By Adilene Rodriguez, special to Oil City News
Troy and Jessika Girod are on a mission to feed the world, both literally and spiritually, and have chosen Casper as the launch site for their quest to build a community via some of their biggest passions.
The couple currently operate Troy’s Killer Tacos and Girod Custom Longboards. The two businesses play a part in their ambitious task of uniting people from all walks of life.
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“We want to start something here, we want to put our roots here,” says Jessika.
Troy is a self-taught chef who credits his interest in cooking to watching cooking television shows and his father’s persistent, and often failed, attempts of cooking Mexican cuisine.
His love for tacos began after his first taste of an authentic Mexican street taco from a cart vendor in Salt Lake City, Utah.
“Everyone’s had the Tex-Mex, Taco Bell taco, but after my first authentic taco, it kinda changed things,” said Troy. “I wasn’t used to carne asada, real corn tortillas, or anything like that. Real simple but so good.”
Since then, he’s been perfecting his craft and formally began Troy’s Killer Tacos in 2016.
Troy is a chef-for hire who mainly does pop-up events and utilizes other people’s spaces to vend his culinary creations. Jessika helped push her husband on this new career path and cites a 2018 event where he catered all four days of a female entrepreneurs retreat in La Jolla, Calif., for which they are still receive raving testimonials.
“When Troy cooks, genuinely, you feel the passion in his cooking. He’s very nurturing and putting love into people’s food, he’s very good at that,” says Jessika.
“After the event, the thing that people were talking about for months later was nothing else other than Troy’s food.”
Before he began his culinary career, Troy Girod was a logistics manager for a billboard company in Salt Lake City.
After the company went under, he moved to Riverton where he met Jessika, his now-wife and business partner.
In Riverton they would participate in collaborative pop-up events, providing food as others provided the establishment and entertainment. This set the tone for their business model built on communal efforts.
The Girods credit their move to Casper on inspiration; a drive that they haven’t quite figured out yet but is only intensifying.
One of the couple’s goals is to eventually open a communal work space where Troy’s Killer Tacos could operate out of and double as a workshop for his other venture of making custom longboards.
Girod Custom Longboards formally began last year, but the Girods love for longboarding is well established.
The business began as a hobby of sorts for Girod, who currently operates his shop from their basement apartment. He would often use longboards with custom art as signs for pop-up events to help pique the interest of curious passerby.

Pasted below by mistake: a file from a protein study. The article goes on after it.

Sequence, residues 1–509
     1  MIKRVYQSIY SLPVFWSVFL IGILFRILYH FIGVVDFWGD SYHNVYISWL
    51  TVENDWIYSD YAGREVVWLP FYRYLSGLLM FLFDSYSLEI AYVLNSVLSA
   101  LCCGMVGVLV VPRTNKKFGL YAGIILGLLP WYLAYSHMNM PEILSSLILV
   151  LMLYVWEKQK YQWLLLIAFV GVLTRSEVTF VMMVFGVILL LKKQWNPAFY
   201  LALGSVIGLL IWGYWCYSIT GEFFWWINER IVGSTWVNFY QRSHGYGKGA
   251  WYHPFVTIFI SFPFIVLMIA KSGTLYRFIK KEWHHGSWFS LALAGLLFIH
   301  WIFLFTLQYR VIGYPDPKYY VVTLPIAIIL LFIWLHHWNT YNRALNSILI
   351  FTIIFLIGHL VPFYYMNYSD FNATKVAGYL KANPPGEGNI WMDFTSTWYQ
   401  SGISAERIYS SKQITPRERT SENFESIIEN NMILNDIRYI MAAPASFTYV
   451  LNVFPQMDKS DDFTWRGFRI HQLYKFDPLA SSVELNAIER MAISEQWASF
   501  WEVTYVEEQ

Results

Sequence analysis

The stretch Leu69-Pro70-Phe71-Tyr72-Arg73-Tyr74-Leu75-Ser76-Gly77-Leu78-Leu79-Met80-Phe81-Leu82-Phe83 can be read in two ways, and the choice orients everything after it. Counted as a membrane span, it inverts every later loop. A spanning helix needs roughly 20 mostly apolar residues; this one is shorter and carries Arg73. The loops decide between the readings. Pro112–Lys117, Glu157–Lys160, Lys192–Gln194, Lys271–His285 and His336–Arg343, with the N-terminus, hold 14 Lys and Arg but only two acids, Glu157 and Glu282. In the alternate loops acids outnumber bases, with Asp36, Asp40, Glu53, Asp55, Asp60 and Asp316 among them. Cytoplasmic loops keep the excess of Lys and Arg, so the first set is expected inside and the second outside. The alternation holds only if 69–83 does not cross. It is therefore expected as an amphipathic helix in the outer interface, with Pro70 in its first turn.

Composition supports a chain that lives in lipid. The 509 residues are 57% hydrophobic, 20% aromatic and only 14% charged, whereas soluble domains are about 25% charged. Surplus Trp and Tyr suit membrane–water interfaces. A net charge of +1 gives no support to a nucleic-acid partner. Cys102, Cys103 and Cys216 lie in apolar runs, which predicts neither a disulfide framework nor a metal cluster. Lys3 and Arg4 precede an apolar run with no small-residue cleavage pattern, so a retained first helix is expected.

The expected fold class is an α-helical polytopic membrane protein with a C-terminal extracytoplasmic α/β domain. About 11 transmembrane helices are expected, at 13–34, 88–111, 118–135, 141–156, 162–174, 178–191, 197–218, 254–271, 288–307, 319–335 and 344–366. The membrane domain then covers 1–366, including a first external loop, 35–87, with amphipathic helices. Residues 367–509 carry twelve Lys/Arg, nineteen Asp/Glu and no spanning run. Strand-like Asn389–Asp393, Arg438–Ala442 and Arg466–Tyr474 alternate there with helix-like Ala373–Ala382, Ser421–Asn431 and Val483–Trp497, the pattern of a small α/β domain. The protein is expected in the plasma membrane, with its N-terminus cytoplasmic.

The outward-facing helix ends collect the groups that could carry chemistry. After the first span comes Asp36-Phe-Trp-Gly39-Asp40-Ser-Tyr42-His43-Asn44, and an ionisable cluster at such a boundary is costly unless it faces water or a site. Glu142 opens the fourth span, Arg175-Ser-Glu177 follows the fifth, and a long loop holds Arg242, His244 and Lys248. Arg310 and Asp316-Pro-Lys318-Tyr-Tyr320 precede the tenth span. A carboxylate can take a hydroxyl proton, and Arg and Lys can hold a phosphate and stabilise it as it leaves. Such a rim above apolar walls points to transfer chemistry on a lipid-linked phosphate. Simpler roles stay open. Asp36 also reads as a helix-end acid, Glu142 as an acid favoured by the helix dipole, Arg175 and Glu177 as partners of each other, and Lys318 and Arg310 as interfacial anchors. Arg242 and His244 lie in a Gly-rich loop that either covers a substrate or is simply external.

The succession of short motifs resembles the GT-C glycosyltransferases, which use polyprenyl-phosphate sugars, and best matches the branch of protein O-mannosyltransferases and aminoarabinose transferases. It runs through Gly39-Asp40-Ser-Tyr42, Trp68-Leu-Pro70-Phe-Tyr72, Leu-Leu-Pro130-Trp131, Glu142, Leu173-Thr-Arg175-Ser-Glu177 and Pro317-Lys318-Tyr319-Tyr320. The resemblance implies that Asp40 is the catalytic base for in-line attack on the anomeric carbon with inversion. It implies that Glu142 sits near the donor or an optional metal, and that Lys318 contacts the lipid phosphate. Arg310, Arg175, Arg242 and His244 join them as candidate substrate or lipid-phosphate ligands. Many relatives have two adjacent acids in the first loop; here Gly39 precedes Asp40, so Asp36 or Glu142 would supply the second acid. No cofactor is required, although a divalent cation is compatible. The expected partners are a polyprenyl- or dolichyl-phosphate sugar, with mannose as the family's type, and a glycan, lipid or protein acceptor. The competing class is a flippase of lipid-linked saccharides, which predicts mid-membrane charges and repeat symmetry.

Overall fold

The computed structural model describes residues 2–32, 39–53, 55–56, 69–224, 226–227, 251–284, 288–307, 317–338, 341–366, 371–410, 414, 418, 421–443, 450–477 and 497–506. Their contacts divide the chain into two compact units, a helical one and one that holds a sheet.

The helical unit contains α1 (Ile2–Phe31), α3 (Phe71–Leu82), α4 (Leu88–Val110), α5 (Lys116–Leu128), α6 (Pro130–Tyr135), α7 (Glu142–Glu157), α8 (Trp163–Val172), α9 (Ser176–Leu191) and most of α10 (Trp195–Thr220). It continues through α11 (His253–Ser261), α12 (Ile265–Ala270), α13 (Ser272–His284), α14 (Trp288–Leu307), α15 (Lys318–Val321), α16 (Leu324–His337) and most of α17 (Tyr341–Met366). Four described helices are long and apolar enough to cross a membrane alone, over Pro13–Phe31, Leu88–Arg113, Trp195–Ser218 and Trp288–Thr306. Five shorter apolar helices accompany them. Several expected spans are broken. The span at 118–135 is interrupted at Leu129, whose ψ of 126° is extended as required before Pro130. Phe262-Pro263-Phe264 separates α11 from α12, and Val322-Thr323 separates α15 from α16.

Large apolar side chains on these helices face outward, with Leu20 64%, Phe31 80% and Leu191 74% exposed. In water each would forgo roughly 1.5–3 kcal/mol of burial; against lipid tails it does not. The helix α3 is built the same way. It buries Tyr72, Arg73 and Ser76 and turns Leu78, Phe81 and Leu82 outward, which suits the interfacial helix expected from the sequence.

He recently participated in this month’s Art Walk at the Frontier Brewing Company and Taproom location where he had some of his extensively crafted artwork on display.
“It could get very intense, I could put anywhere from 10 to 25 hours into one board,” said Troy. “It’s art, but its functional.”
Although recent resurgence in skateboarding has helped increase the volume of people picking up the sport, longboarding continues to be a niche form of riding in the area. The difference between the two forms of riding being the size of the board and athleticism required.
“Skateboarding is more for tricks, longboarding is sidewalk surfing,” says Troy. “Just for us older people that like to cruise around.”
Troy maintains that every one of his longboard customers have all been people who didn’t know how to ride but were all interested in taking up longboarding.
Inspired by the lack of the longboarding community and the story of a Seattle skate church, Jessika hopes this leads to teaching opportunities where they are allowed the chance to inspire youth to turn this sport into something positive.
“It’s super empowering, it’s physical, it gets kids off their phones and their tablets,” said Jessika, “and your playground is anywhere you go, even if you just have a slab of concrete path.”
The Girods are affiliated with The Table, a spiritual community organization that runs on the same module that the couple lives by.
The couple will be participating at this year’s Solarbration on the Circle, hosted by the organization, this Friday night. There, the public will have a chance to try some of Troy’s Mexican delicacies.
The couple cite the organization as inspiration for the atmosphere they want to create in their future ventures in Casper.
For the Girods, it is a place they plan on making home for the unforeseeable future. Casper continues to house the conditions the Girods find ripe for change.
“We have beautiful wide open spaces and now we need a diverse loving, connecting community,” said Jessika. “I think we’re creating that.”